• The 1934 WPA project replaced the entire roof structure with a flat concrete roof. The clock tower was removed replaced with a single clock face, and steel windows replaced the wood ones. Within the forty years after the WPA project, additional work had lowered ceilings to hide mechanical and electrical installations.
    • The rededication of the building on September 22, 2007, showcased the 2005-2007 restoration, which included reconstruction of the original clock tower and the four corner roof turrets, replacement of windows and doors with historic wood reproductions, restoring the ceilings to their original height in the courtroom, halls, and public spaces, and the reconstruction of wood wainscot paneling.

Dublin, Texas

It’s always serendipitous when we find a town with the same name as one in California. It turned out that our stomachs were growling when we arrived at the city limits of Dublin, Texas. We live near Dublin, California. Finding a spot to park posed no problem. The library was closed on Mondays.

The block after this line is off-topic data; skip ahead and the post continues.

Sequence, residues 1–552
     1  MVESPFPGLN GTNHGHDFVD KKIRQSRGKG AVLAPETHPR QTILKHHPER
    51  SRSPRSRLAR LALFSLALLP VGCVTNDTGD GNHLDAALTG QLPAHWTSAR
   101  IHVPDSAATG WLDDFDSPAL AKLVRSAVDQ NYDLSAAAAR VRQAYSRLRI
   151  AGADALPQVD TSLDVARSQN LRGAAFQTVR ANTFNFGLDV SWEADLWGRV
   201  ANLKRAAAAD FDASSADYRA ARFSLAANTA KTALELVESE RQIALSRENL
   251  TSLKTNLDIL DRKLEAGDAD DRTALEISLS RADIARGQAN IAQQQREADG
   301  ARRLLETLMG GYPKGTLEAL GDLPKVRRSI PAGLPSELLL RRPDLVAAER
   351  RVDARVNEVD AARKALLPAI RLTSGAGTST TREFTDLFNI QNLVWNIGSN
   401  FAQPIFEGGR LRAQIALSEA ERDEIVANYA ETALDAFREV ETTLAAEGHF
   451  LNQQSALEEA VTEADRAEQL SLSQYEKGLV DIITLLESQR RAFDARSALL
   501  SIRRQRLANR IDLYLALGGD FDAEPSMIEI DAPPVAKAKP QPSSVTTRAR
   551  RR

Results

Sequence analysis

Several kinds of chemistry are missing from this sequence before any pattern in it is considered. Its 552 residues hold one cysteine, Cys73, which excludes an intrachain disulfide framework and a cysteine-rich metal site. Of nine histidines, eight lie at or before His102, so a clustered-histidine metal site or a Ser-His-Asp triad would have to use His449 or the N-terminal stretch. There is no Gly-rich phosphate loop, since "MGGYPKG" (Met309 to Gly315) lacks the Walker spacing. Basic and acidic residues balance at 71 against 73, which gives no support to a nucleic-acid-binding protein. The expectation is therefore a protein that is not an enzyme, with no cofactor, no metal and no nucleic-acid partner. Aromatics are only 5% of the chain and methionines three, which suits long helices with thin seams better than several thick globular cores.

Dublin Public Library

The W.M. Wright Historical Park across the street provided a place to take a walk after lunch.

W. M. Wright Historical Park
Log Cabin Built by Early Settlers
William T. Miller Gristmill Originally Built in 1882
Rear of Gristmill Originally Powered by Steam then Converted by Crude Oil Engine
Grass Always Tastes Better on the Other Side of the Fence

Spring break must have cleared most everyone out of town. There wasn’t much activity in the business district during the hour we were there.

Dublin Rodeo Heritage Museum and Dublin Historical Museum